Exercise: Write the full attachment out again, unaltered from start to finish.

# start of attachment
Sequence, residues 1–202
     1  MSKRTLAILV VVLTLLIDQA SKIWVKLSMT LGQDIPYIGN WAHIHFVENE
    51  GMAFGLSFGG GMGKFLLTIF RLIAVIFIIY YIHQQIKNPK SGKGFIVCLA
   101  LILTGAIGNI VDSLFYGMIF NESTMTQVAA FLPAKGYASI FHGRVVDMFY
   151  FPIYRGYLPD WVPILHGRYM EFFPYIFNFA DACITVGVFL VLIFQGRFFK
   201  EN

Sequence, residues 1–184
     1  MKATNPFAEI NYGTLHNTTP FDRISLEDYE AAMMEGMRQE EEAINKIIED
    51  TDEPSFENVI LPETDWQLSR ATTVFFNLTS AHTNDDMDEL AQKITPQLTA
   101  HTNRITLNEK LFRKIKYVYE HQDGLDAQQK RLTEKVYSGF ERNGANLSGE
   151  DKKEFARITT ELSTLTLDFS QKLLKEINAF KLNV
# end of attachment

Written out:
Sequence, residues 1–202
     1  MSKRTLAILV VVLTLLIDQA SKIWVKLSMT LGQDIPYIGN WAHIHFVENE
    51  GMAFGLSFGG GMGKFLLTIF RLIAVIFIIY YIHQQIKNPK SGKGFIVCLA
   101  LILTGAIGNI VDSLFYGMIF NESTMTQVAA FLPAKGYASI FHGRVVDMFY
   151  FPIYRGYLPD WVPILHGRYM EFFPYIFNFA DACITVGVFL VLIFQGRFFK
   201  EN

Sequence, residues 1–184
     1  MKATNPFAEI NYGTLHNTTP FDRISLEDYE AAMMEGMRQE EEAINKIIED
    51  TDEPSFENVI LPETDWQLSR ATTVFFNLTS AHTNDDMDEL AQKITPQLTA
   101  HTNRITLNEK LFRKIKYVYE HQDGLDAQQK RLTEKVYSGF ERNGANLSGE
   151  DKKEFARITT ELSTLTLDFS QKLLKEINAF KLNV